Employee To improve the engagement of the ‘not engaged’ the best things to work on would be the following factors:
- Relationship with your line manager
- Relationships with colleagues
- Your line manager listening to you
- Being treated fairly
- Having the resources to do the job
- Job security
- Work-life balance.
One can’t help feeling that the ‘not engaged’ simply want a more pleasant time at work – less hassle from their ‘engaged’ line manager, a new computer screen and more comfortable chair, job security regardless of the company’s performance and flexi-time! To be actively ‘disengaged’ and going out of your way to sabotage the efforts of your ‘engaged’ colleagues, you do have to be motivated and prepared to make an effort, albeit not in the direction desired by the company. Based on that assumption, ‘disengaged’ employees might possess the personal characteristics needed to be an ‘engaged’ employee to a greater extent than the ‘not engaged’, who just want an easy life. Interestingly, if you look at the factors that seem to be eating away at the ‘disengaged’ they do suggest a frustrated group of people with more ambition:
- Promotion opportunities
- Recognition of your performance
- Communication from senior managers
- Pay and benefits
- Training and development.
I wonder how many ‘disengaged’ employees are incredibly involved, motivated and engaged in various out-of-work activities. This suggests that more communication and one-to-ones with ‘disengaged’ employees could be worthwhile.
The cost of low engagement
There are many costs of poor employee engagement that are impossible to quantify, such as the damage to organisational culture perpetrated by ‘disengaged’ employees, but the YourSayPays employee engagement survey also uncovers some much more tangible costs such as absenteeism. It’s true that anyone can get carried away and drink a little bit too much, but as Chart 3 shows, both ‘disengaged’ and ‘not engaged’ employees are far more likely to take the following day off sick.
It’s even worse for serious skiving such as calling in sick in order to stay at home and enjoy some nice sunny weather. As shown in Chart 4, the ‘disengaged’ are twice as likely as the ‘engaged’ to pull this fast one. Not surprisingly, the ‘disengaged’ are also more likely to claim more than they are entitled to on expenses. Although the figures in Chart 5 look quite close, and appear to show that ‘engaged’ employees fiddle their expenses more than the ‘not engaged’, it’s worth bearing in mind that ‘engaged’ employees tend to be in more senior positions so are much more likely to have expense accounts. Given that many ‘disengaged’ and ‘not engaged’ employees will rarely or never make expenses claims, the fact that almost 10% of all ‘disengaged’ and ‘not engaged’ employees have over-claimed is quite shocking, and, since they represent 70% of the workforce, a significant cost to the organisation.
Recruitment is an enormous cost for most organisations of any size so reducing staff turnover is usually a key HR goal. The data shown in Chart 6 demonstrates that the ‘disengaged’ are three times as likely to switch jobs in the next year than the ‘engaged’ and the ‘not engaged’ twice as likely. Again, since they represent 70% of the workforce, this is a very large cost to the organisation. There is an argument that if the ‘disengaged’ are active saboteurs, it is quite convenient if they leave of their own accord. This is probably true once they have become irrevocably ‘disengaged’ but very few of them would have been ‘disengaged’ on their first working day in the company so there are huge potential savings from preventing employees becoming disengaged. As we’ll see in the next section of this article, measures to achieve that are not necessarily a large financial cost to the organisation.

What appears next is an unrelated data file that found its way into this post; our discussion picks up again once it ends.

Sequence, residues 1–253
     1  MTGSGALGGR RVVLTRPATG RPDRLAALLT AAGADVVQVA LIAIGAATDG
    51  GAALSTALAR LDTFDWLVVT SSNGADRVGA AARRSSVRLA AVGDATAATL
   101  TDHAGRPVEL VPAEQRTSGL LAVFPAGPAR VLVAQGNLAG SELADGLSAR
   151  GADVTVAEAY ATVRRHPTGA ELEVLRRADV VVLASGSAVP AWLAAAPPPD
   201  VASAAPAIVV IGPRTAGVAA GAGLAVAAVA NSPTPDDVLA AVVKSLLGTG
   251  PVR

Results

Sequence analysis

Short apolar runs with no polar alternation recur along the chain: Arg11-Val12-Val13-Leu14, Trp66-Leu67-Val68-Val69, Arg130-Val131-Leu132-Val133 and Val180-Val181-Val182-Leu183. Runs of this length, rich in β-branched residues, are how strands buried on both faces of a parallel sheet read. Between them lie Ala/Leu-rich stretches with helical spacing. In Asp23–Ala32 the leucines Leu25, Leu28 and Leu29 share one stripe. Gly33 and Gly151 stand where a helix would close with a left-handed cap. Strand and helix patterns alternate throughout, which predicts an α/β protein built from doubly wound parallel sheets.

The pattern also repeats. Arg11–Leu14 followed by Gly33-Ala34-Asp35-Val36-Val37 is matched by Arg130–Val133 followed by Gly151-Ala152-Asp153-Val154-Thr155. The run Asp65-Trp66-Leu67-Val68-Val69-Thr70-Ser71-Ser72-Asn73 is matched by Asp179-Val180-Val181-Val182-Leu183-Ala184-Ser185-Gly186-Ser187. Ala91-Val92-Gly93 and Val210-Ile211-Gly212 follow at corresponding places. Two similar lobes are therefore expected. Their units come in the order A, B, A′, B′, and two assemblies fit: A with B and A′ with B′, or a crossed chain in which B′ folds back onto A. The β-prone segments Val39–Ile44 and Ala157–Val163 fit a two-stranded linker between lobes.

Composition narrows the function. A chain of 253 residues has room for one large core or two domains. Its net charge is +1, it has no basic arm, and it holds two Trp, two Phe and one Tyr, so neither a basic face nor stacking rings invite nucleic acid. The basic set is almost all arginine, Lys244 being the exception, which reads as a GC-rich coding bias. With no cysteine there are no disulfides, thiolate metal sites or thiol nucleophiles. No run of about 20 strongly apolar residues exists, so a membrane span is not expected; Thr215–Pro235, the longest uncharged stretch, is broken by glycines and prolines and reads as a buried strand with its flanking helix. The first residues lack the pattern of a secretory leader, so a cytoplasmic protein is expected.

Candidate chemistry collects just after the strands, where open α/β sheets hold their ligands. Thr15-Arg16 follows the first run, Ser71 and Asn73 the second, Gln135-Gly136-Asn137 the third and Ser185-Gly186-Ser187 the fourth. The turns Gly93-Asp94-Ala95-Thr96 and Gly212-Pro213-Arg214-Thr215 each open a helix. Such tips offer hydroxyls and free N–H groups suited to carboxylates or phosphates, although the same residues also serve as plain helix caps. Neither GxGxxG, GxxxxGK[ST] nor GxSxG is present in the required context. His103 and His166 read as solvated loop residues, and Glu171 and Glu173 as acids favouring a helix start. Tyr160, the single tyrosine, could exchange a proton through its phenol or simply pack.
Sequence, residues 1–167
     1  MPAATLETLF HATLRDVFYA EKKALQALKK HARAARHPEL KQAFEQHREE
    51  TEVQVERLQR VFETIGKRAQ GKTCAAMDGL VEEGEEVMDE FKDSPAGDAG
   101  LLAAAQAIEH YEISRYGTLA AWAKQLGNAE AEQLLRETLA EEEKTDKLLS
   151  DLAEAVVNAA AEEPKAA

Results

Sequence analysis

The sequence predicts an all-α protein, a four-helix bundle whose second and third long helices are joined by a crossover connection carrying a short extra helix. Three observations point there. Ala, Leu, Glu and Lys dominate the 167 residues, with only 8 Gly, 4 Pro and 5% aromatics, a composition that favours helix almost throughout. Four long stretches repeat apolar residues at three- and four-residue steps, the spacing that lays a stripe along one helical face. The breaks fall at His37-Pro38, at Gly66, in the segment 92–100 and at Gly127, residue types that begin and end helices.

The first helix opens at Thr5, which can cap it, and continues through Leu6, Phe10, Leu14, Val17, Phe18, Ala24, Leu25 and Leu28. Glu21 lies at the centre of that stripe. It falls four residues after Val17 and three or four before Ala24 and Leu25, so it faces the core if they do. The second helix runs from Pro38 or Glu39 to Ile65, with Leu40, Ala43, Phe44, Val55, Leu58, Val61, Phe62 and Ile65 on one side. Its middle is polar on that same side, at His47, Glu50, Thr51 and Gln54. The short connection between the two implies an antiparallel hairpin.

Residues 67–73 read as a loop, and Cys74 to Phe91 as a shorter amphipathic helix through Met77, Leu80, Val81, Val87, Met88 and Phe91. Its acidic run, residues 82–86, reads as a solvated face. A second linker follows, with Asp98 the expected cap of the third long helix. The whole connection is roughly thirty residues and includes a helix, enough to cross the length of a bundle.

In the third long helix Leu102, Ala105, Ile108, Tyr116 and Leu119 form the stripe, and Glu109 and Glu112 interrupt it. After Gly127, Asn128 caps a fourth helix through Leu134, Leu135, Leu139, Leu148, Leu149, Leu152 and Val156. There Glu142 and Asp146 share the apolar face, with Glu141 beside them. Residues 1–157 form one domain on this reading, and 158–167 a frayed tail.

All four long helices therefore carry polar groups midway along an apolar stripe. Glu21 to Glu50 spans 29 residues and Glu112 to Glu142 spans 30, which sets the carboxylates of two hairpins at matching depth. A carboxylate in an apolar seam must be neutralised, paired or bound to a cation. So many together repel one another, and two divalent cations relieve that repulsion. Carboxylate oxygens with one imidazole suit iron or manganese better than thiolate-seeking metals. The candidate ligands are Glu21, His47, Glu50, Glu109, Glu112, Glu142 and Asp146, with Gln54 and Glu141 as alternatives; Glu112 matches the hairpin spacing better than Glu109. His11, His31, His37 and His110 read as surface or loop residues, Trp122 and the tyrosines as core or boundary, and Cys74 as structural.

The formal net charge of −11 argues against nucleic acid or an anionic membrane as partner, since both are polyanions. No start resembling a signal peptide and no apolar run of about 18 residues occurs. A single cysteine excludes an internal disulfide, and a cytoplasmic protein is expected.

There are some additional costs of low employee engagement which, whilst difficult to quantify, are far from intangible. As shown in Chart 7, ‘engaged’ employees work harder and longer and do what is necessary to get the job done. Moreover, their much greater propensity to recommend the organisation as a place to work or a place to do business has a real financial value to the company.
Low cost measures to improve engagement
Obviously, there are some drivers of employee engagement such as pay, benefits and promotional opportunities that are costly but there are some that are not, such as ‘communication from senior management’ and ‘relationship with my line manager’, mentioned earlier. Chart 8 shows a raft of additional soft management skills that make a big difference to employee engagement. They obviously cost management time, which can be a factor in today’s lean organisations, but in our experience it is more likely to be management culture that is the key. To what extent is it managers’ top priority to spend time addressing these soft issues with their reports? Do they have regular oneto- ones so that everyone who reports to them thinks they care, do know what’s expected of them, have received recognition or praise where due and have had a chance to express their opinions or simply ask their manager some questions?
One interesting statistic to emerge from this year’s employee engagement survey is that employees think their companies are better at satisfying customers than they were two years ago. Based on how satisfied employees think their organisation’s customers are, the customer satisfaction index has improved from 73.0 to 74.8, which is quite close to the UKCSI over a comparable period.